[Update: I hope the presentations from the speakers are posted, as they were all inspiring in their different ways. Bristol City Council’s civic crowdsourcing projects had impressive participation rates, and Phil Higgins identified the critical success factors as: choose the right platform, use it at the right stage, issue must be presented clearly. Joanne Orr talked about museum contexts that are encapsulating the intangible including language and practices (and recording intangible cultural heritage in a wiki) and I could sense the audience’s excitement about Andrew Ellis’ presentation on ‘Your Paintings’ and the crowdsourcing tagger developed for the Public Catalogue Foundation.]
I’m in Edinburgh for the Museums Galleries Scotland conference ‘Collaborating to Compete’. I’m chairing a session on ‘Entrepreneurship and Social Media’. In this context, the organisers defined entrepreneurship as ‘doing things innovatively and differently’, including new and effective ways of working. This session is all about working in partnerships and collaborating with the public. The organisers asked me to talk about my own research as well as introducing the session. I’m posting my notes in advance to save people having to scribble down notes, and I’ll try to post back with notes from the session presentations.
Welcome to this session on entrepreneurship and social media. Our speakers are going to share their exciting work with museum collections and cultural heritage. Their projects demonstrate the benefits of community participation, of opening up to encourage external experts to share their knowledge, and of engaging the general public with the task of improving access to cultural heritage for all. The speakers have explored innovative ways of working, including organisational partnerships and low-cost digital platforms like social media. Our speakers will discuss the opportunities and challenges of collaborating with audiences, the issues around authority, identity and trust in user-generated content, and they’ll reflect on the challenges of negotiating partnerships with other organisations or with ‘the crowd’.
You’ll hear about two different approaches to crowdsourcing from Phil Higgins and Andy Ellis, and about how the ‘Intangible Cultural Heritage’ project helps a diverse range of people collaborate to create knowledge for all.
I’ll also briefly discuss my own research into crowdsourcing through games as an example of innovative forms of participation and engagement.
If you’re not familiar with the term, crowdsourcing generally means sharing tasks with the public that are traditionally performed in-house.
Until I left to start my PhD, I worked at the Science Museum in London, where I spent a lot of time thinking about how to make the history of science and technology more engaging, and the objects related to it more accessible. This inspired me when I was looking for a dissertation project for my MSc, so I researched and developed ‘Museum Metadata Games’ to explore how crowdsourcing games could get people to have fun while improving the content around ‘difficult’ museum objects.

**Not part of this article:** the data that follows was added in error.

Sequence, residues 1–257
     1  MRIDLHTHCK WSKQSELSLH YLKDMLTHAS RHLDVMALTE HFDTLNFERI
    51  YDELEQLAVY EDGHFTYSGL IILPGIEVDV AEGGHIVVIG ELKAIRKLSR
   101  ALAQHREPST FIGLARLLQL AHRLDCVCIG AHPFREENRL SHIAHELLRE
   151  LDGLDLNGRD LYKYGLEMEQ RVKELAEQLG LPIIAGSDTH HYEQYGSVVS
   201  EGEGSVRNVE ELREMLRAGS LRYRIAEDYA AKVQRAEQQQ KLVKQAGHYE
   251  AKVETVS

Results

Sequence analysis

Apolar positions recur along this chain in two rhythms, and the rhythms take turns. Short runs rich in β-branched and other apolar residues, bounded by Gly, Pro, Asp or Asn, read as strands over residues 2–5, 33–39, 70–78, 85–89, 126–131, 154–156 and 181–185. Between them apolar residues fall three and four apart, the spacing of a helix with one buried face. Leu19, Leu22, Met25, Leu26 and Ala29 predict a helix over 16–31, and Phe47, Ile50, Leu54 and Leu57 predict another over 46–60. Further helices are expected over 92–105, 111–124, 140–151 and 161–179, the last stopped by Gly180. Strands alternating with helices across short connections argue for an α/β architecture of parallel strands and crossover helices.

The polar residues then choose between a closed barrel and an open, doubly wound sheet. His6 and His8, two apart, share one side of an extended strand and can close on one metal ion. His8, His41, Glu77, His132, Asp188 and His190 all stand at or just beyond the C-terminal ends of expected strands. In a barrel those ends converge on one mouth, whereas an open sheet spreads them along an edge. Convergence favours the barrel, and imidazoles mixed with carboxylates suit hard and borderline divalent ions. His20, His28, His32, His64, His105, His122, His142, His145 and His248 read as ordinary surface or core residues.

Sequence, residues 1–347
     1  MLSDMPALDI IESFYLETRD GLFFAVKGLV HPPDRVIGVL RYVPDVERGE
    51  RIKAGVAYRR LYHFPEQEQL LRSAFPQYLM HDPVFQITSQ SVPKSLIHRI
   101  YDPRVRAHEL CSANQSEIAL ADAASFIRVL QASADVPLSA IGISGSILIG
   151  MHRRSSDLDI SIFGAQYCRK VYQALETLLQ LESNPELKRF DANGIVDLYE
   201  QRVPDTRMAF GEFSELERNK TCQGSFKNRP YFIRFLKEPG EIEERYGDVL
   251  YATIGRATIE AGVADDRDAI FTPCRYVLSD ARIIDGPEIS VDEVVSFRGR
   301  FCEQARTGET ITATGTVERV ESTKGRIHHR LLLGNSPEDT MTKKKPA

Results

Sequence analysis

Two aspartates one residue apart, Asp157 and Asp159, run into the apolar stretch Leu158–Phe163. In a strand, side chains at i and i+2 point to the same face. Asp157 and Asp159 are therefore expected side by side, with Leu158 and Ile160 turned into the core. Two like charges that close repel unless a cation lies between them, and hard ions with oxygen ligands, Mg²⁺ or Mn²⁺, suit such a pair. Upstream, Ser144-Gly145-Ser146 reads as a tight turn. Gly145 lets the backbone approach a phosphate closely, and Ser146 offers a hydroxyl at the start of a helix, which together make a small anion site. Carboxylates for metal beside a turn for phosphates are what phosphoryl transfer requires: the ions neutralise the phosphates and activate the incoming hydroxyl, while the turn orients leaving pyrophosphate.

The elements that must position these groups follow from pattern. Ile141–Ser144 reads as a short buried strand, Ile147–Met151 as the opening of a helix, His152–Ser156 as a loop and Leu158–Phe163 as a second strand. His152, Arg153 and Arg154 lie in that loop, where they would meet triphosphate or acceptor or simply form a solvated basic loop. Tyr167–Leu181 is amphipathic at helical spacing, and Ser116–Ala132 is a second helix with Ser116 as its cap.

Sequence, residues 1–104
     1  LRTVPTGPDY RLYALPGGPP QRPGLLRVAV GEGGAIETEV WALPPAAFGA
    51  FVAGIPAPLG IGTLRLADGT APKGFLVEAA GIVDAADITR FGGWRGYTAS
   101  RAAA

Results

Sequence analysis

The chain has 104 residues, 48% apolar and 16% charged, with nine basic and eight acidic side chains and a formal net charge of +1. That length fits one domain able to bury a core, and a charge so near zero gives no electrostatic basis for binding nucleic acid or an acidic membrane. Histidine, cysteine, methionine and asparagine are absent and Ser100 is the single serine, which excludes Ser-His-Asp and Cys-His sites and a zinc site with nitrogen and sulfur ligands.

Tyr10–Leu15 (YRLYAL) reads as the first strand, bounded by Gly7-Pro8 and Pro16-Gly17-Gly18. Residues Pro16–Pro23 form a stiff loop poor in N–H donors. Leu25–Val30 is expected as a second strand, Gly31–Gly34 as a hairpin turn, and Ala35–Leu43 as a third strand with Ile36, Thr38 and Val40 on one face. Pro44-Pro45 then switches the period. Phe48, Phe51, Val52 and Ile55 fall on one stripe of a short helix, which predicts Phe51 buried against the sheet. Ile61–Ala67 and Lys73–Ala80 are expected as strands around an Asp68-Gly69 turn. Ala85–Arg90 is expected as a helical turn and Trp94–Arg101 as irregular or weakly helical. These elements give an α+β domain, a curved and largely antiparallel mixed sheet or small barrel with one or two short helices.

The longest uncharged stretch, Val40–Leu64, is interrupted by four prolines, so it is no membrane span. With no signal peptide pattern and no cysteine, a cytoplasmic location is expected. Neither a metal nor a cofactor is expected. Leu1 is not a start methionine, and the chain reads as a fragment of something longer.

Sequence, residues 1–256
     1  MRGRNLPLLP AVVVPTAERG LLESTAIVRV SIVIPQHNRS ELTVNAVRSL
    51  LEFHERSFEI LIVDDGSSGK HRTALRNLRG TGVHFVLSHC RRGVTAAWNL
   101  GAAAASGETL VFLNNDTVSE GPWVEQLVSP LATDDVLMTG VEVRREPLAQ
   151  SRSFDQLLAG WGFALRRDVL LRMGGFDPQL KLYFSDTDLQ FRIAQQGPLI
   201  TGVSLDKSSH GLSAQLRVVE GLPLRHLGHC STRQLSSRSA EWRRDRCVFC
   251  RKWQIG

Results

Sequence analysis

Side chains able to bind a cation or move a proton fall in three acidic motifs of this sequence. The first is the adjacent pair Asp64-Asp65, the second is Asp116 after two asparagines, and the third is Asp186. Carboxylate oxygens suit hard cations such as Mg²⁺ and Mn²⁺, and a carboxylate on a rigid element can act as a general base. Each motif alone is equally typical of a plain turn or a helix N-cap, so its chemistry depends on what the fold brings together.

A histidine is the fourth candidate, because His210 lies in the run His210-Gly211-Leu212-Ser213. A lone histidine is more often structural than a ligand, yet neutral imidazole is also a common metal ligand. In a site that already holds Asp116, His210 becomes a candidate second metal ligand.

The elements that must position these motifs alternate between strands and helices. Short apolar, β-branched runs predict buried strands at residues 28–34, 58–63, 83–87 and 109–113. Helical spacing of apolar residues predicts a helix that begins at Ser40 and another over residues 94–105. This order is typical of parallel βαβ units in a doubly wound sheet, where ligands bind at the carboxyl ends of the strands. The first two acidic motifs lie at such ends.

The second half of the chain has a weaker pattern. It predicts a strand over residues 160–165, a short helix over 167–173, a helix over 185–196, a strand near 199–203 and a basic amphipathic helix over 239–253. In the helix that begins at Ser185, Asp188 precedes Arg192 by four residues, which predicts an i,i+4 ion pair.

Unfortunately (most) collections sites are not that interesting to the general public. There’s a ‘semantic gap’ between the everyday language of the public and the language of catalogues.
Projects like steve.museum showed crowdsourcing helps, but it can be difficult to get people to participate in large numbers or over a long period of time. Museums can be intimidating, and marketing your project to audiences can be expensive. But what if you made a crowdsourcing interface that made people want to use it, and to tell their friends to use it? Something like… a game?
A lot of people play games… 20 million people in the UK play casual games. And a lot of people play museum games. Games like the Science Museum’s Launchball and the Wellcome Collection’s High Tea have had millions of plays.
Crowdsourcing games are great at creating engaging experiences. They support low barriers to participation, and the ability to keep people playing. As an example, within one month of launching, DigitalKoot, a game for National Library of Finland, had 25,000 visitors complete over 2 million individual tasks.
Casual game genres include puzzles, card games or trivia games. You’ve probably heard of Angry Birds and Solitaire, even if you don’t think of yourself as a ‘gamer’.
Casual games are perfect for public participation because they’re designed for instant gameplay, and can be enjoyed in a few minutes or played for hours.
Easy, feel-good tasks will help people get started. Strong game mechanics, tested throughout development with your target audience, will motivate on-going play and keep people coming back.
Here’s a screenshot of the games I made.
In the tagging game ‘Dora’s lost data’, the player meets Dora, a junior curator who needs their help replacing some lost data. Dora asks the player to add words that would help someone find the object shown in Google.
When audiences can immediately identify an activity as a game – in this the use of characters and a minimal narrative really helped – their usual reservations about contributing content to a museum site disappear.
The brilliant thing about game design is that you can tailor tasks and rewards to your data needs, and build tutorials into gameplay to match the player’s skills and the games’ challenges.
Fun is personal – design for the skills, abilities and motivations of your audience.
People like helping out – show them how their data is used so they can feel good about playing for a few minutes over a cup of tea.
To conclude, crowdsourcing games can be fun and useful for the public and for museums. And now we’re going to hear more about working with the public… [the end!]